The Fundamentals of NLP Design

Sam Ursu
Sam Ursu
Mar 3, 2020 · 5 min read

For whatever reason, if you’ve decided to ignore my advice and create an NLP chatbot, it is important to understand that they, too, have a structured flow.

Many builders, unfortunately, think that since NLP is all about “determining probabilities” or building a series of “top-level menus” managed by a “self-learning AI engine” that “leverages the new paradigm in data-driven UX” [feel free to insert your own corporate buzzwords here], there is no organized structure for an NLP chatbot.

This simply isn’t true.

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So simple even a CEO can understand it!

The basic design of all successful NLP chatbots has three layers:

  • Greeting and general education
  • The intents or main executables
  • Continuing education plus the exit sequence

Greetings and Education Layer

The greeting part is the simplest. This is where your chatbot says hello to your users. It may, quite literally, be as simple as having your chatbot say, “Howdy!”.

The education part refers to two components:

  • Who the bot is
  • What the bot can do (overt intents)

I highly recommend having the chatbot introduce itself (by name, if there is one) and then say who it works for.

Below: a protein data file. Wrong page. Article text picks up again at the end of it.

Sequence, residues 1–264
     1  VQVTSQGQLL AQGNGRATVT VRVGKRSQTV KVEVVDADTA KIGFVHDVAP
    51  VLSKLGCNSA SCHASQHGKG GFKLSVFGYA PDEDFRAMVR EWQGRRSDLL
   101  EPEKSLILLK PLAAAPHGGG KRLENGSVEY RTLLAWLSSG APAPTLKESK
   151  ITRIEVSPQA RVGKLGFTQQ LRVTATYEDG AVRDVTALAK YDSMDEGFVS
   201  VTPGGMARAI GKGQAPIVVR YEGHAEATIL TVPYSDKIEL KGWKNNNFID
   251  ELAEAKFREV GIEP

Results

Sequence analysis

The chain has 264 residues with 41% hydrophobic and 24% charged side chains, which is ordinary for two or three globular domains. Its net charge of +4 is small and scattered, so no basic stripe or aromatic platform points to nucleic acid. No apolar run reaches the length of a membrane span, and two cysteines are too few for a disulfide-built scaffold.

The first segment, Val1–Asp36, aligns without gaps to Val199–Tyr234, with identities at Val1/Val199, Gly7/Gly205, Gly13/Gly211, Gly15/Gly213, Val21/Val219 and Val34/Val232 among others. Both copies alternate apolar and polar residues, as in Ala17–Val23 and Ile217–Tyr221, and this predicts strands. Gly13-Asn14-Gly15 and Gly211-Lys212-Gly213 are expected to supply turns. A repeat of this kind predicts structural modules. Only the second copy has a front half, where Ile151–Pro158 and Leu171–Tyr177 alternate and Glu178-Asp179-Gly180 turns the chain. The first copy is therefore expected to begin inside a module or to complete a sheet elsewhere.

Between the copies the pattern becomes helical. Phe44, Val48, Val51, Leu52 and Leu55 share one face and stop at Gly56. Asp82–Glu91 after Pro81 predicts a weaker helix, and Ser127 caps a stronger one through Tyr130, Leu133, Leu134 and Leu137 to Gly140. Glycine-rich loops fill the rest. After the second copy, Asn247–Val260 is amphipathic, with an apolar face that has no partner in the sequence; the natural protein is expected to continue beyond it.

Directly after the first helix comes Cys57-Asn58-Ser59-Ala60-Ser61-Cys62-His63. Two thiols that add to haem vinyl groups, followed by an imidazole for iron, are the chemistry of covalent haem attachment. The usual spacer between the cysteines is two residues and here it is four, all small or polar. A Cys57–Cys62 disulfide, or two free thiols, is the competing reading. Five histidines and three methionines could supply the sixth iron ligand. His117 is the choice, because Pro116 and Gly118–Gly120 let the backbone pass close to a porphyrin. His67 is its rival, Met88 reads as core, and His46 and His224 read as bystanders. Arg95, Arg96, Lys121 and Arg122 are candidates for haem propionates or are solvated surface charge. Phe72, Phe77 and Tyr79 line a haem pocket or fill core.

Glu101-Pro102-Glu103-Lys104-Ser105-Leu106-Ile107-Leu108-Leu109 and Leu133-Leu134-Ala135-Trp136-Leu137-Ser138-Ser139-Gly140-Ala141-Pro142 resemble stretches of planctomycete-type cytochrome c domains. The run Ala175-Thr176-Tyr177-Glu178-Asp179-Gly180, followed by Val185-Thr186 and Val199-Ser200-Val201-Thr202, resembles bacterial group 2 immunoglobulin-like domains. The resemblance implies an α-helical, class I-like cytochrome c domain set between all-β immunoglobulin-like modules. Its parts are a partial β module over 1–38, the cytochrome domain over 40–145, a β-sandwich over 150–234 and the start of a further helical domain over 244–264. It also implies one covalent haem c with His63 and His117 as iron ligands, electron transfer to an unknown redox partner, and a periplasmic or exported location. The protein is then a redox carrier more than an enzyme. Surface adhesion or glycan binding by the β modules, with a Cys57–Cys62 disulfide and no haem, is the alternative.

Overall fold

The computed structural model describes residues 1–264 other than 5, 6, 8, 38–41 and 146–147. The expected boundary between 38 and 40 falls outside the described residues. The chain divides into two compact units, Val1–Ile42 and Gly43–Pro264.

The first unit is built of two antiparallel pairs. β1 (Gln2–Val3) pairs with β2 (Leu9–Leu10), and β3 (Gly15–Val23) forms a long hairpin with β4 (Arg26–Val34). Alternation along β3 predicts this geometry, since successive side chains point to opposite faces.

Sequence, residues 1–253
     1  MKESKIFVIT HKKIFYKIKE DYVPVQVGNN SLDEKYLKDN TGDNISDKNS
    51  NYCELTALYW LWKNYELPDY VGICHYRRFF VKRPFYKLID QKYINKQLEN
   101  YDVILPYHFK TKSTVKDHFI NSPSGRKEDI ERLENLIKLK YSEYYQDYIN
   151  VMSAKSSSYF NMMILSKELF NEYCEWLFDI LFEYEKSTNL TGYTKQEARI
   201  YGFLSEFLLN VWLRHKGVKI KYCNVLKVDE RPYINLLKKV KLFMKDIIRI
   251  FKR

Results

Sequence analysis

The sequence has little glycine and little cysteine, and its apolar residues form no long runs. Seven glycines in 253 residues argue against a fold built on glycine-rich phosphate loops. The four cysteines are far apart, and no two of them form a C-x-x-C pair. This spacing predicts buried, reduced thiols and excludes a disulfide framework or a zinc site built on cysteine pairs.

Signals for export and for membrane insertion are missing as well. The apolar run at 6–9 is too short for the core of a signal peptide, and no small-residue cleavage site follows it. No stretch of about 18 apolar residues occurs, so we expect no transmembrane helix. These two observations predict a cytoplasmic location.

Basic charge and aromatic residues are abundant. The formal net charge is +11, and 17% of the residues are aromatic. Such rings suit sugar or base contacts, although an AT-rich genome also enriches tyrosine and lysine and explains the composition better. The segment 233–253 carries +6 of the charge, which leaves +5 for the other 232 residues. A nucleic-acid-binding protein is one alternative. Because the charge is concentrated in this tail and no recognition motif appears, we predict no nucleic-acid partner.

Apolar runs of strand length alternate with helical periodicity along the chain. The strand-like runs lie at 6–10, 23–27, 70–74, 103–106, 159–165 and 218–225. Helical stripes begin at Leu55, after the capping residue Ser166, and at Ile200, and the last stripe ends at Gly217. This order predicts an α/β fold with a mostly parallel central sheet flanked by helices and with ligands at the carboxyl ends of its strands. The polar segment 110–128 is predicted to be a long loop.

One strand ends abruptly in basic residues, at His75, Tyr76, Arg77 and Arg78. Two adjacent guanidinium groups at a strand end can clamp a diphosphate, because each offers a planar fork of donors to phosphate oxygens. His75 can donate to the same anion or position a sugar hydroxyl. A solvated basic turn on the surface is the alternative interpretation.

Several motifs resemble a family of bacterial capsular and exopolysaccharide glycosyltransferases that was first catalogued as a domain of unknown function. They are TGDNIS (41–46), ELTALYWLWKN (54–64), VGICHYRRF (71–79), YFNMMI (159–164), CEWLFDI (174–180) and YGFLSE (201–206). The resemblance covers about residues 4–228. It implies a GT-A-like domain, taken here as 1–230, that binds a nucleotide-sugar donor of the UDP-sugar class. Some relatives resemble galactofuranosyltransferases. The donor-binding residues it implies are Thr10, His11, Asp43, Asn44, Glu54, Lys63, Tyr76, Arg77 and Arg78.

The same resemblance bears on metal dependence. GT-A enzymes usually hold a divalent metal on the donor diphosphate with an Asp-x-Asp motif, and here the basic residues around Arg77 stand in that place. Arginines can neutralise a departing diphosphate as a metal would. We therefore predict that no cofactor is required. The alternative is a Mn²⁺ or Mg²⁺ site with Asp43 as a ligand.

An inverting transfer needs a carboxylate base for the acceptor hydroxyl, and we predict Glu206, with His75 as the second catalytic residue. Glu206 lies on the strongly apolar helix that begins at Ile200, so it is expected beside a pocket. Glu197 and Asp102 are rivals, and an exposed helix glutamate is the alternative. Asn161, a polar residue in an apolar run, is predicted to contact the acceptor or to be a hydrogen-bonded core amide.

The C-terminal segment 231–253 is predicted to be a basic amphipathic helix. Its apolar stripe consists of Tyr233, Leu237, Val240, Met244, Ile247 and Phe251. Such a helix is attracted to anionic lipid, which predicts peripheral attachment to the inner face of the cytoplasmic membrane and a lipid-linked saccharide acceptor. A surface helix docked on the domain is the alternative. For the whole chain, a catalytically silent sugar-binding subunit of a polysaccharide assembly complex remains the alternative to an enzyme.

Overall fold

For example, if your chatbot works for a pizza restaurant, it might start off every new interaction by saying: “Hello! I’m SaucyBot, and I am Pizza Shack’s automated assistant.”

The second part of the education component is what I call revealing the “overt” intents. The word “overt” here means “something public, something not hidden.”

Since NLP chatbots rely on the user knowing which commands it can understand, you have to “educate” new users on what these are.

For the hypothetical SaucyBot, this would mean telling the user something like, “Just say “menu” if you want to browse our menu, or tell me “order” when you’re ready to make an order.”

Although the word intent is never said out loud by the chatbot, SaucyBot is, in the above example, letting the user know that there is a menu intent and an order intent. These are the overt or public intents.

But Saucybot also has other programmed intents or commands that it can understand. For example, cancel order might be an intent (command) that it understands. But because you don’t need to tell a user about this intent at the very beginning of an interaction, it is a covert intent.

Overt intents are ones the chatbot clearly identifies as possible choices or commands that your user can select from. Overt intents may also be those that you wish to emphasize or encourage your clients/users to choose more often (for example, an ask me about our daily specials intent for a restaurant bot).

Covert intents are ones that are not secret but are not publicized, especially in the beginning. It’s not that the ability to cancel an order is truly “secret”, it’s just that there’s no good reason for the chatbot to bring it up (especially before the user makes an order).

Remember: Due to the nature of NLP design, all intents, overt or covert, can be accessed at any time by a sufficiently educated user!

I highly recommend you focus on keeping the number of overt intents as small as possible, at least in the beginning, so as not to overwhelm the user with too many choices.

Intents Layer